Jan. 2 (Bloomberg) -- JPMorgan Chase & Co., which has been told by U.S. regulators to bolster money-laundering safeguards, has stopped clearing dollar transfers for Latvian lenders, according to the Baltic nation’s banking association.
“JPMorgan was a meaningful partner, no doubt,” Martins Bicevskis, president of the Latvian Commercial Banking Association, said in an interview. “But that won’t hinder working further and looking for other partners.”
Latvia, a hub for ex-Soviet cash, became the 18th member of the euro bloc yesterday, focusing a spotlight on $8 billion of non-resident deposits and claims by Global Witness, a London-based anti-corruption campaign group, that regulation and client vetting aren’t adequate. JPMorgan has ended dollar clearing for about 500 foreign banks around the world after the probes and discontinued checking accounts for “politically exposed persons” in other nations it said on Oct. 11.
The exit of the U.S.’s largest bank leaves Deutsche Bank AG and Commerzbank AG as the only two Western lenders Latvian banks can use for international dollar transfers. Some local banks rely on lenders in Russia or Ukraine that have correspondent accounts with a U.S. partner to clear dollars. New York-based JPMorgan declined to comment on Bicevskis’s remarks. Deutsche Bank and Commerzbank declined to comment on the potential effect of JPMorgan’s absence on their businesses.
“Latvian banks have a pretty wide network of currency clearing partners,” the bank association said in a statement today. “Last year, eight correspondent accounts were opened in dollars, but in the last two years 52 accounts in different banks,” it said, citing data from the bank regulator.
The U.S. Office of the Comptroller of the Currency issued a consent order in January 2013 after finding JPMorgan “has an inadequate system of internal controls and independent testing” for anti-money-laundering compliance. The bank “failed to identify significant volumes of suspicious activity” and to file reports alerting regulators, according to the order.
JPMorgan didn’t admit or deny wrongdoing in consenting to the regulatory orders at the time, saying in a statement that the bank has been “working hard to fully remediate the issues identified in the consent order.”
The U.S. lender’s decision “had left no impact on the servicing of these banks clients,” which have other options to transfer dollars, the country’s bank regulator said in a statement. “This is not connected with Latvia or Latvia’s bank sector. JPMorgan has substantially decreased the volume of operations with a succession of banks in many countries.”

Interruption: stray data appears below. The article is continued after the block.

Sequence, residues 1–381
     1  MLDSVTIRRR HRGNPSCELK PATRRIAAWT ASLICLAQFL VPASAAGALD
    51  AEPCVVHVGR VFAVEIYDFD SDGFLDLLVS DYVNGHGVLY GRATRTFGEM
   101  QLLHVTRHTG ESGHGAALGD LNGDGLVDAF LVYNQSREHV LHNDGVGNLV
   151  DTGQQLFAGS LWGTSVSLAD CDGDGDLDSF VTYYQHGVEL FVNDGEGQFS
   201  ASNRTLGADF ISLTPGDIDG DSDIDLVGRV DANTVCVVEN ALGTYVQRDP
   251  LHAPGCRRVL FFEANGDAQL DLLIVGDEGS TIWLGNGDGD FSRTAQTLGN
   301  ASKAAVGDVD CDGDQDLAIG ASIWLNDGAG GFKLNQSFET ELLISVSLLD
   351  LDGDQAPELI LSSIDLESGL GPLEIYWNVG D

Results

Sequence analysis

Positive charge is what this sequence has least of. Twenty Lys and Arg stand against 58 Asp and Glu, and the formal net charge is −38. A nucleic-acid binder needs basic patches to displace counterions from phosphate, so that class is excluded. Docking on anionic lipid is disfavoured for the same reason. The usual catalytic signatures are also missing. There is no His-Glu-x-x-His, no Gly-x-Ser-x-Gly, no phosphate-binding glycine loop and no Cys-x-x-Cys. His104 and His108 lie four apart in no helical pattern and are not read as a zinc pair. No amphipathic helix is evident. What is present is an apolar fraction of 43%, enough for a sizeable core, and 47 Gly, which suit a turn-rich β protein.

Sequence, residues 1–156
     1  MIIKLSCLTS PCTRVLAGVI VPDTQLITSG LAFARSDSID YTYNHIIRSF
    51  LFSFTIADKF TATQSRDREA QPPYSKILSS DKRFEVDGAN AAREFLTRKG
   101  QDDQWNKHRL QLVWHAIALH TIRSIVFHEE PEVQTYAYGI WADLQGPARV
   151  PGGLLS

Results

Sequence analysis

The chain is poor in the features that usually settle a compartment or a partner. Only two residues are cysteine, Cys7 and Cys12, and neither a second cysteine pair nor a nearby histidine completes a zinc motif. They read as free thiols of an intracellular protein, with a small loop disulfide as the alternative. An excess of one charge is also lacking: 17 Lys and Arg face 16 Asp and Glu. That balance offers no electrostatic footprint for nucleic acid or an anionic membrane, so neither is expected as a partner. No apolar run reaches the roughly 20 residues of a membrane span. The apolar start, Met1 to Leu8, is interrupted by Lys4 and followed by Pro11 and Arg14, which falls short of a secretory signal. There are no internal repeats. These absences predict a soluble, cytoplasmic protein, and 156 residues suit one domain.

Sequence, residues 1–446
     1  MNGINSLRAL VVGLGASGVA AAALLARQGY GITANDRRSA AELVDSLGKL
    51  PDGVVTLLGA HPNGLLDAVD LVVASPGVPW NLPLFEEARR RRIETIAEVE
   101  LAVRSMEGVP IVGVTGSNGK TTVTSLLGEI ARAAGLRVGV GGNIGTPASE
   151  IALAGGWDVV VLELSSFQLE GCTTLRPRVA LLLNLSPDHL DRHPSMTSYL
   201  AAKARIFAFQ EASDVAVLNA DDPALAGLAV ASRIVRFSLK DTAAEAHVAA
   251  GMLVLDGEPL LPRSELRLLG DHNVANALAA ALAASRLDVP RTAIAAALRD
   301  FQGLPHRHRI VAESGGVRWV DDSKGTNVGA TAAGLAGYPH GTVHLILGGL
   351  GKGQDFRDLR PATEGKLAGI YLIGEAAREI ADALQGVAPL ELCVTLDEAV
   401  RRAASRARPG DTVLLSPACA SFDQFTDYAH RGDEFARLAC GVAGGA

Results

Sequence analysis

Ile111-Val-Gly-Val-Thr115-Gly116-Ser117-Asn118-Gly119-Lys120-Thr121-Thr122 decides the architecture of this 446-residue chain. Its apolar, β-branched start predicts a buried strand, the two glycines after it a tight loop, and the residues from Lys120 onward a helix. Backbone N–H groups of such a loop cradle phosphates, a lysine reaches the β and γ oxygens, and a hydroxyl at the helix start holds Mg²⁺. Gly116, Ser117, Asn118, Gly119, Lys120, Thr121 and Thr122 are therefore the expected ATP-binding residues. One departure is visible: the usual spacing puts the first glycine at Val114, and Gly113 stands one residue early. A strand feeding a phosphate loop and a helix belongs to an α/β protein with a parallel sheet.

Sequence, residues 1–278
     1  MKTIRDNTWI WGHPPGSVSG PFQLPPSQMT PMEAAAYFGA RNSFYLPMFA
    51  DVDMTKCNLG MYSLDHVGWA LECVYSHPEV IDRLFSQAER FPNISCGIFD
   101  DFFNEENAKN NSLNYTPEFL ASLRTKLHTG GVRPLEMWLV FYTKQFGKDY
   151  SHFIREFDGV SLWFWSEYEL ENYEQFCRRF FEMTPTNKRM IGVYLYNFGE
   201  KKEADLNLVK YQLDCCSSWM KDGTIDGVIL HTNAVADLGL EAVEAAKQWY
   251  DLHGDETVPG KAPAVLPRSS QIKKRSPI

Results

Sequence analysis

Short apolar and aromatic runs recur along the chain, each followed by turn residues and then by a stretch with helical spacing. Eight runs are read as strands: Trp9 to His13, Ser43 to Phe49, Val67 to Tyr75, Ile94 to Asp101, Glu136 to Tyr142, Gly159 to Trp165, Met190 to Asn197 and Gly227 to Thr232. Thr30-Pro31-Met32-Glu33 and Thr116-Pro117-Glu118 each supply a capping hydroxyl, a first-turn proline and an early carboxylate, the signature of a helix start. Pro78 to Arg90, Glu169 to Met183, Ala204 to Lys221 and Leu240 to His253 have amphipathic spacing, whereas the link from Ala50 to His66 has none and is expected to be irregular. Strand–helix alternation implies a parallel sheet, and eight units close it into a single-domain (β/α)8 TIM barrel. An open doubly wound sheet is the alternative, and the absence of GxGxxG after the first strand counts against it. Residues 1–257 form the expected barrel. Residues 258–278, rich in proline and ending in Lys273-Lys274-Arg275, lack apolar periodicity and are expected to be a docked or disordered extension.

HSBC Holdings Plc, Europe’s biggest bank, agreed in 2012 to pay $1.92 billion to settle U.S. money-laundering probes. Commerzbank, Germany’s second-largest lender, said in October that it would take steps to bolster money-laundering controls after the U.S. Federal Reserve issued a cease-and-desist order.
JPMorgan said in August that it was reviewing its correspondent banking unit and wouldn’t take on new clients or new business.
Losing access to correspondent banks could raise the cost of doing non-resident business, according to Gene Zolotarev, chairman of Geneva-based asset-management and advisory company Maximus Capital SA.
“It means it’s more expensive to get access to a dollar clearer for smaller banks,” he said by phone. “You can still clear U.S. dollars -- you just have to go through more layers of middlemen to make payments.”
Companies in Latvia helped officials from Ivory Coast violate international sanctions, according to a report by the UN Security Council.
About $30 million of cash from Kyrgyzstan was sent through ABLV Bank AS, Latvia’s biggest bank by deposits, in transactions that may constitute money laundering, Global Witness said in a 2012 report. ABLV denies the allegation.
“Their reputation still suffers -- fairly or not -- from the problems of the last decade,” Michael Dawson, a former senior adviser at the U.S. Treasury and currently managing director at Washington-based Promontory Financial Group, said by e-mail. There’s also “the perception that some banks are weaker than others and may be trying to sneak into the dollar-clearing system through nested relationships.”
Dollar correspondent accounts are important for the global movement of money, said Dawson. “Most financial institutions underestimate both their need for access to the dollar clearing system and the regulatory exposure that brings,” he said.
Officials including Latvian central bank Governor Ilmars Rimsevics say lenders are being closely monitored. While regulators fined a local bank in June the maximum 100,000 lati ($194,000) for transferring money in Russia’s biggest known tax fraud, they didn’t name the bank in question.
Latvia has said it will act should risks increase in its non-resident banking industry, according to a June letter to Dutch Finance Minister Jeroen Dijsselbloem from the Finance Ministry in Riga.
As well as imposing more restrictions on demand deposits and reconsidering tax incentives that bolster non-resident deposits, the government may also strengthen law-enforcement efforts to combat money laundering, according to the letter, published on the Latvian Finance Ministry’s website.
“Since 2007 we have implemented in law and in practice procedures that in old Europe, for many, they only see in their dreams,” Bicevskis said.
Latvia’s 27 banks had assets of about 20 billion lati in the third quarter, banking association data show.
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